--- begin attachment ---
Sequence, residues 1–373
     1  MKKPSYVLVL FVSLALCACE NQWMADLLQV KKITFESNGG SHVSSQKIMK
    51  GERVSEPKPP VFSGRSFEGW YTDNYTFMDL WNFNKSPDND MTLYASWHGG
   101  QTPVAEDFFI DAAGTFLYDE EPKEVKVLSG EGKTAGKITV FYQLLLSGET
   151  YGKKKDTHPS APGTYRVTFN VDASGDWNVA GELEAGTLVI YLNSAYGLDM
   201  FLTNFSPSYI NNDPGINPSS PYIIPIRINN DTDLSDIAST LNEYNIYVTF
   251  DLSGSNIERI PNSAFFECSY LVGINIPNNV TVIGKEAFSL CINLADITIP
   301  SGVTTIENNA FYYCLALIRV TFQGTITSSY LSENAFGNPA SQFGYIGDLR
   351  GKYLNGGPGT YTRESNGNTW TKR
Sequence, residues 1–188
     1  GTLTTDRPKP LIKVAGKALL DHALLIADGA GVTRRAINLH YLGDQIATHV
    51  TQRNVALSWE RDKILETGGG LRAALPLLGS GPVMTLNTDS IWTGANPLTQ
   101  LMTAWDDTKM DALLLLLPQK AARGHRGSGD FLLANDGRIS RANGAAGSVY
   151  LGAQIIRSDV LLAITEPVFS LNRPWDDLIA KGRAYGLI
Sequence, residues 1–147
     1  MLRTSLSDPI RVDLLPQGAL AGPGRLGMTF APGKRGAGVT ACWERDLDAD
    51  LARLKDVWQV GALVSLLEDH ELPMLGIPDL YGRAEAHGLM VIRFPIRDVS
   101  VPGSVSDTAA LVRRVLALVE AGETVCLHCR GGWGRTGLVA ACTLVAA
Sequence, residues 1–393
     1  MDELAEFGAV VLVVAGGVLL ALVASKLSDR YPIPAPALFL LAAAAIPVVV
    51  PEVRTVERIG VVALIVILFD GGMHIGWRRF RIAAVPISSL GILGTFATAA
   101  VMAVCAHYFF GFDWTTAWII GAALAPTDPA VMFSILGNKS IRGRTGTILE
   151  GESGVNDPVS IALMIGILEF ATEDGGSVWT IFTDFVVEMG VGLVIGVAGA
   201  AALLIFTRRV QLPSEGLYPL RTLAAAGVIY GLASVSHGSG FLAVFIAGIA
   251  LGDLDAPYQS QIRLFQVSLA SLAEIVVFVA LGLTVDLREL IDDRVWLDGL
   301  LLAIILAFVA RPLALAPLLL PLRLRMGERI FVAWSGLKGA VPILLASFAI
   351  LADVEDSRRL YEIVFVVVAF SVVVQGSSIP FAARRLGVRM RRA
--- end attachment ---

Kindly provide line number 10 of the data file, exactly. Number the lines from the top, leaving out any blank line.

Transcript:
Sequence, residues 1–188